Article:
When it comes to American cuisine, flavors, ingredients and techniques have passed through generations of families and cultures to create a unique melting pot of dishes.
Two chefs who know all about the nuances of food that both honors their heritage and has adapted to their own tastes over time, Leah Cohen and Alejandra Ramos, joined "Good Morning America" to share what, in their book, makes "The Great American Recipe."
The two act as judge and host, respectively, on the new PBS cooking show of the same name that premieres June 24.
"We're doing two different shrimp dishes which are each our American dishes that are representative of each of our cultures," said Ramos, who is of Puerto Rican descent.
"What's really cool about this is and about American food is that American food is not just one thing," she added. "It's just this beautiful amalgamation of cultures and flavors and regions and ingredients, so that's why we took this one ingredient and are showing two ways to do it."
"Our food actually has a lot in common [thanks to ingredient crossover]," Cohen, the chef-owner of New York City restaurants Pig and Khao and Piggyback, added. "It's a huge melting pot and these two dishes really represent the great American recipe."
Camarones Enchilados (Puerto Rican Shrimp Creole)
While Ramos pointed out that Puerto Rican cuisine is typically "not spicy" she said that this dish is an exception.
Ramos' dish is made with spicy tomato sauce that's cooked with peppers, chili flakes and herbs and the shrimp delicately cooks at the end.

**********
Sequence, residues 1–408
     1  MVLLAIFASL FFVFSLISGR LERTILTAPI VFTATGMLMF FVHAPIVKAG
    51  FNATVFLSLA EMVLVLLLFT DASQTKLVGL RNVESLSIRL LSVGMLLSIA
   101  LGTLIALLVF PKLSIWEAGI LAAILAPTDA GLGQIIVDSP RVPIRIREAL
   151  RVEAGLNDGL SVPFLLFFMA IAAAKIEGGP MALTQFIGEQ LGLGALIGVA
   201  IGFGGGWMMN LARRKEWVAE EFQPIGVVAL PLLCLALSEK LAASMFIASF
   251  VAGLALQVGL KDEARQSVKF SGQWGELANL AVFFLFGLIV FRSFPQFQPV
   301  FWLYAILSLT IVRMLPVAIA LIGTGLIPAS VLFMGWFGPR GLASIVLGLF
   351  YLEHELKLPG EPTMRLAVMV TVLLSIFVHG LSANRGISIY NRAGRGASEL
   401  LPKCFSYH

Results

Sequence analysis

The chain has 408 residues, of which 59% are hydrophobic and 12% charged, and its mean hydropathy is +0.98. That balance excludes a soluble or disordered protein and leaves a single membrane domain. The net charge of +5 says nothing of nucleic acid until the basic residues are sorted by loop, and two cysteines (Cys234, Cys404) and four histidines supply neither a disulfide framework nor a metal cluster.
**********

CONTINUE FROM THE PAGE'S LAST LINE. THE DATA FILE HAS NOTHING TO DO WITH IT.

1 yellow onion, diced
2 red or green bell peppers, diced
5 large cloves garlic, chopped
1 tablespoon Smoked Spanish paprika
1 tablespoon dried oregano
2 teaspoons ground cumin
1/2 teaspoon crushed red pepper
1 cup dry white wine
1 28 ounce can crushed tomatoes
3 large bay leaves
2 pounds medium shrimp, peeled and deveined
1 tablespoon fresh lime juice, plus more for serving
2 tablespoons capers
3/4 cup chopped fresh cilantro, plus more for garnish
Cooked white rice, for serving
Heat a few tablespoons of olive oil in heavy-bottomed saucepan or Dutch oven over medium-high heat. Add the onion and bell pepper, and cook, stirring occasionally until they start to soften (about 5 minutes). Add the garlic, paprika, cumin, oregano, red pepper, and a generous pinch of kosher salt, and cook until fragrant, about 1 to 2 minutes.
Add the wine, tomatoes, and bay leaves, and bring to a boil. Reduce heat and simmer, stirring occasionally until the liquid is slightly thickened (about 15 - 20 minutes).
Stir in the shrimp and cook until opaque, about 3 to five minutes.
Remove from heat, stir in the lime juice, capers, and fresh cilantro, remove the bay leaves, and serve with white rice.
Gambas Al Ajillo
Similarly, Cohen said Filipino cuisine is not known for its spice like that of neighboring Southeast Asian countries Thailand and Vietnam.
This dish, Cohen explained, is a traditional Filipino dish that's a crossover with a classic spanish dish made with fresh shrimp, thinly sliced garlic that infuses the olive oil, red chili flakes and lemon juice.
1 pound shrimp, tails on
5 cloves garlic, thinly sliced
Crusty bread or rice for serving
Check out even more great American recipes from the feel-good cooking competition when the show debuts on PBS June 24 at 9/8 CT.